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Porsche history 1981 - 2000

Broadcast date : 23rd May 2004


In the mid-nineteen eighties Porsche had been experimenting with water-cooled cylinder heads on its 962 Le Mans machines. These cars still used the famous 911 flat-six cylinder layout as devised by Ferdinand Piech. But they produced some six hundred and fifty horsepower or close to 4our hundred and ninety kilowatts, thanks to twin turbochargers and loads of boost.

The mid-1980s was also a time of resurgence for the entire performance car industry, after a period of political correctness following the oil crises and a world-wide focus on safety.

The Porsche 959 was the product of Zuffenhausen's wildest engineering fantasies. Initially conceived as a racing and rally special conforming to worldwide motorsport Group B specifications, this Porsche was indeed a glimpse into the future.

Just 250 examples were slated for production in 1988 and it featured twin turbochargers, the first production Porsche to do so, water-cooled cylinder heads, self-leveling suspension, variable torque split four-wheel drive and a six-speed transmission.

Way back in 1989 Porsche engineers were on record that this was in fact a testbed for many features that would be taken for granted in production Porsches of the future.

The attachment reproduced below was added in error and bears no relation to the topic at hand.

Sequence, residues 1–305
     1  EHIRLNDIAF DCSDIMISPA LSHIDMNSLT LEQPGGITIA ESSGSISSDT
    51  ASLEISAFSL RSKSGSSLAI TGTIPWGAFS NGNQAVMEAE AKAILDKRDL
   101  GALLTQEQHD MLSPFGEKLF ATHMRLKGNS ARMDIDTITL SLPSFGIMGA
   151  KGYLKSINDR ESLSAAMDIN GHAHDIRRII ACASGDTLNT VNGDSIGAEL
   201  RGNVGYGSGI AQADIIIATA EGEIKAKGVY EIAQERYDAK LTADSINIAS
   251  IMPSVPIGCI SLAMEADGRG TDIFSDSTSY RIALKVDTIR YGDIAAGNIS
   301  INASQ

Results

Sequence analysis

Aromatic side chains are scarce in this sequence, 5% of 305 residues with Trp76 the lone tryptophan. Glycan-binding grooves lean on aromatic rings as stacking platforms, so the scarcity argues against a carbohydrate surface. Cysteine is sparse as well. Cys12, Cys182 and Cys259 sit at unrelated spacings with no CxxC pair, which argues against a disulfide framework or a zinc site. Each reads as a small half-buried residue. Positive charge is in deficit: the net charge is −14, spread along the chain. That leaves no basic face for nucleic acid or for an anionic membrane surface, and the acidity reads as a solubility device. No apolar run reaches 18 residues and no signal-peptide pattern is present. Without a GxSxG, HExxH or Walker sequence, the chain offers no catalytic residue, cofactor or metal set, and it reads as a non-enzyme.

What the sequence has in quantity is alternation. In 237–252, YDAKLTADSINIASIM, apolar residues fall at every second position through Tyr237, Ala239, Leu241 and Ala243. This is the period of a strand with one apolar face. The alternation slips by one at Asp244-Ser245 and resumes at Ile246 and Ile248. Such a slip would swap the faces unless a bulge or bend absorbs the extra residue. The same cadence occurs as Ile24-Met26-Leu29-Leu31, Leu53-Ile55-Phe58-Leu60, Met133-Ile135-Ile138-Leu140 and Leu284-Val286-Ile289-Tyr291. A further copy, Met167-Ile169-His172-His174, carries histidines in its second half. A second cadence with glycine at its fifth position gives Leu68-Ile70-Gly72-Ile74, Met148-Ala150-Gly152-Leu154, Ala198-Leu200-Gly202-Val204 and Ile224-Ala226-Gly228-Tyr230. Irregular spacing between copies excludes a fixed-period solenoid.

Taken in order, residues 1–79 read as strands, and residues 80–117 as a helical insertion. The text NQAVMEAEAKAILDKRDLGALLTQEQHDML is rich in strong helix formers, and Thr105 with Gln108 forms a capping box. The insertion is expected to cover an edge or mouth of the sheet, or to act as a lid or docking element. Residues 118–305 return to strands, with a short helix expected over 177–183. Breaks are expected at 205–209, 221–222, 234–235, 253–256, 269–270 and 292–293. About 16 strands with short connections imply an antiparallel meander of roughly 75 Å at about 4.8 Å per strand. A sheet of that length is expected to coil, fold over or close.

Many of these components were in action as early as 1993 when the 3,6-litre Porsche Turbo, in 993-series form, was introduced. This car had four-wheel-drive, its air-cooled motor enlarged to 3,6-litres, and twin turbochargers were fitted.

Many people feel that the 993 series Porsche, introduced in the early 1990s with its classic 911 shell but sloped-back headlights, was the prettiest 911 of all time.

But work was already in progress on this car's successor, the completely re-shelled, re-engineered 911.

In 1997, when the current generation 911 was launched as model type Nine nine six, it employed water-cooling instead of fan-induced air-cooling. But it was still a flat six engine true to the original, still hung out the rear of the car behind the gearbox.

Yes, the 996 series model was definitely still a Porsche 911.

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